You watch Lodde (left-handed) and you know it is a delusive title. But that is not all. While the content has nothing remotely indicating any kind of left-handedness, the film comes out as an out of control family drama put together by director SV Suresh, who seems to be disenchanted with the labour of filmmaking. The unfortunate part is that he utilised a legendary actor like Vishnuvardhan for pointless promotions rather than concentrating on creating a good film.
The story revolves around control freak grandfathers Dharmaraj (Sayaji Shinde) and Rudrappa (Avinash) who were close friends living in Malnad for years until an incident made them part ways. That’s when Lodde aka Narasimha (Komal Kumar), grandson of Dharmaraj arrives from the US after completing his studies and tries a reconciliation. He meets Akanksha, the granddaughter of Rudrappa and falls in love.
Their love brings the two friends back together, however the friendship is short lived as Narasimha cancels the engagement as the film nears the interval. The second half explores the reason behind it and how Narasimha tries to bring the two families together.
The film has an abundance of puerile suspense sequences and becomes dull as it moves with no ounce of creativity or liveliness. The only sequence in which the audience get involved is just before the credit rolls and when the Lodde Dance begins, in which Komal shakes a leg with Vishnuvardhan, an effort made out of CGI.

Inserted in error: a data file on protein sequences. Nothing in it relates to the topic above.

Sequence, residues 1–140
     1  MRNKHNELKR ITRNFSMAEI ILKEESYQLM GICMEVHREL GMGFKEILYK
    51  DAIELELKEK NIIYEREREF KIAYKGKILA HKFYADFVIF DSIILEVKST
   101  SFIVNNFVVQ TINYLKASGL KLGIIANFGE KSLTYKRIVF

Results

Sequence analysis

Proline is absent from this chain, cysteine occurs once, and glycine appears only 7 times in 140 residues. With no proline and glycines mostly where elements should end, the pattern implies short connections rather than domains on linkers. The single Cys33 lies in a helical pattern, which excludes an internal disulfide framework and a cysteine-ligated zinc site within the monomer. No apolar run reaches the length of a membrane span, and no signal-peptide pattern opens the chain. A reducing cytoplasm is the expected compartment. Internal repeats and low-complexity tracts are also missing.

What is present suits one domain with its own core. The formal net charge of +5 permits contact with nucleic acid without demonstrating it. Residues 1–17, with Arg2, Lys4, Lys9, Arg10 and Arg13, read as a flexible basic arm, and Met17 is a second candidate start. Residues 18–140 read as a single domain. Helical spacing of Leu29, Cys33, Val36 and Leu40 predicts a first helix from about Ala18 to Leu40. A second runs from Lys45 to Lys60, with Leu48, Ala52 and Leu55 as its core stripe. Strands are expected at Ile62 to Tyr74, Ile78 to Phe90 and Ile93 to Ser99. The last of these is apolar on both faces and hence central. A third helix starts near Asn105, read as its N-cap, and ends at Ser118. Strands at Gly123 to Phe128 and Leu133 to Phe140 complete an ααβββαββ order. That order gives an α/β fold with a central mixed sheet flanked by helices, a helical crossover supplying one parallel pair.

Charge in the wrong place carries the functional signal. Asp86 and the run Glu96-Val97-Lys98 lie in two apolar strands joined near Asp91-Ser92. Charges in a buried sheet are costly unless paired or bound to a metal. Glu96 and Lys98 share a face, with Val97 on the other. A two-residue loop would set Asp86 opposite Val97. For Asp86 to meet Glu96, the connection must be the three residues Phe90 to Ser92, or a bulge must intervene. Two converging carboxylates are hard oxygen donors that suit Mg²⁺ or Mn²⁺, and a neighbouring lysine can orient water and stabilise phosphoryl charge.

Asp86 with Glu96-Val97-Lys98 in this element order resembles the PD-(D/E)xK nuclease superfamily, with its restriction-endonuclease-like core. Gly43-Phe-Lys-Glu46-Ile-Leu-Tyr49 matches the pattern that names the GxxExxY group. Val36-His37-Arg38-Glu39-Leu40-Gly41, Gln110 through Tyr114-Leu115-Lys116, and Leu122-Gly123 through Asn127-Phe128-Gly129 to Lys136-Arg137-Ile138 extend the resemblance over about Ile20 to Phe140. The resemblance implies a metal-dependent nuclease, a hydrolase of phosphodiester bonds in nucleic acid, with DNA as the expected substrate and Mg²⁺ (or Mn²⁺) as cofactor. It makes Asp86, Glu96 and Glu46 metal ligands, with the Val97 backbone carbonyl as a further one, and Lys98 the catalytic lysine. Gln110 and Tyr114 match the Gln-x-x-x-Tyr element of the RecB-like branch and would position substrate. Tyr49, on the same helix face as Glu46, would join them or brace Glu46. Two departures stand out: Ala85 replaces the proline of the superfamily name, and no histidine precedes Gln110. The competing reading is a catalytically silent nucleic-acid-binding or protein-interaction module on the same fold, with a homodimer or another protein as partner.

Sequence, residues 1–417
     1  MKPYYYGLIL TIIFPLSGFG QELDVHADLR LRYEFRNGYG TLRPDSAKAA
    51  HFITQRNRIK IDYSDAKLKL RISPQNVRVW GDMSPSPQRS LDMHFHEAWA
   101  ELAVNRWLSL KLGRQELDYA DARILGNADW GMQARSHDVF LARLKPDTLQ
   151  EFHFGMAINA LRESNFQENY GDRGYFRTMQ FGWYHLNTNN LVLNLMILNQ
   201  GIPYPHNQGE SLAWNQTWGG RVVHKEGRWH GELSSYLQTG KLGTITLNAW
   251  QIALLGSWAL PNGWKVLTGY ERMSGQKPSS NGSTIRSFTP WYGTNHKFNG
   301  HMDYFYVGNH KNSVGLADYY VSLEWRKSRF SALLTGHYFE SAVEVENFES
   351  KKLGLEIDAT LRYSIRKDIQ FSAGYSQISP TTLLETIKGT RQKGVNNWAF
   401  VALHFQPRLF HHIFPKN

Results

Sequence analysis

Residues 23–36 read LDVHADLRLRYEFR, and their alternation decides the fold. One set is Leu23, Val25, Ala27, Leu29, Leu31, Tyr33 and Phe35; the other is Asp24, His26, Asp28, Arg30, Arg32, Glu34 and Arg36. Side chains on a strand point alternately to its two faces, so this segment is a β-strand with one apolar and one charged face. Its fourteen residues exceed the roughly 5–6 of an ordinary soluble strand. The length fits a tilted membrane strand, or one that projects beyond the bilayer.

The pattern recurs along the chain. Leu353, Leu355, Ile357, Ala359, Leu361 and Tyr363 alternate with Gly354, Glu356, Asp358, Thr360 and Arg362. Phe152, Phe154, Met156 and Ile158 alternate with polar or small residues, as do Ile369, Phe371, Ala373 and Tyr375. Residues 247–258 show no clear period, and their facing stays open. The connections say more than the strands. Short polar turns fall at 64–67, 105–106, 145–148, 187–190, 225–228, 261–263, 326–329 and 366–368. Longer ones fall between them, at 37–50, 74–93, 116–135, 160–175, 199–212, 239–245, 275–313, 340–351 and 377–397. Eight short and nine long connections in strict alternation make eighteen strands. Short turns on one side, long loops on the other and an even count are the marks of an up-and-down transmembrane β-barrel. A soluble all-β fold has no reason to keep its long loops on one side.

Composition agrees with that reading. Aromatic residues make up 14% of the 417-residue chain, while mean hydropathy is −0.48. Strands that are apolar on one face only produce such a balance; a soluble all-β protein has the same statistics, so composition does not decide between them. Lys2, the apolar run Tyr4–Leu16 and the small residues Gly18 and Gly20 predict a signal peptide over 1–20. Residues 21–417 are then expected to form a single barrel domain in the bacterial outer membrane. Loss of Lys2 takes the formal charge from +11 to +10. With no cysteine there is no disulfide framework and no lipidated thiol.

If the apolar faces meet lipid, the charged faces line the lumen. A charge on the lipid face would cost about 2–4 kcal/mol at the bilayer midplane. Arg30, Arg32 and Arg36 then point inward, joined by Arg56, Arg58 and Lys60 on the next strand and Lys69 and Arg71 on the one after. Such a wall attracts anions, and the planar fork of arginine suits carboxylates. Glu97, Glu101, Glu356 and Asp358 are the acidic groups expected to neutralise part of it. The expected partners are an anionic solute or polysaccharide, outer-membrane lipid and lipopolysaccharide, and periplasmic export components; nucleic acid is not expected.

Komal needs to have a more focussed approach when selecting his films. And he has to fine-tune his selection of characters, choosing only those which suit his persona. His attempt at comedy falls flat in Lodde. And if he has to look at a promising future in Sandalwood, he has to dump scripts like this one at the one-liner stage itself.
As a debutante, Akankasha Puri surely stands out with her high degree of sincerety, but the film does not allow her to make a mark. The predictable sequences lend no scope for the rest of the starcast to deliver even a mediocre miracle. There is nothing noteworthy about the cinematography or the music. A lack of inspiration seems to be plaguing the filmmaker even though there are a few films that hit the screen on-and off evidencing that excellence still exists in Sandalwood.
But Lodde sheepishly announces that mediocrity will persist however hard excellence may try to suppress it.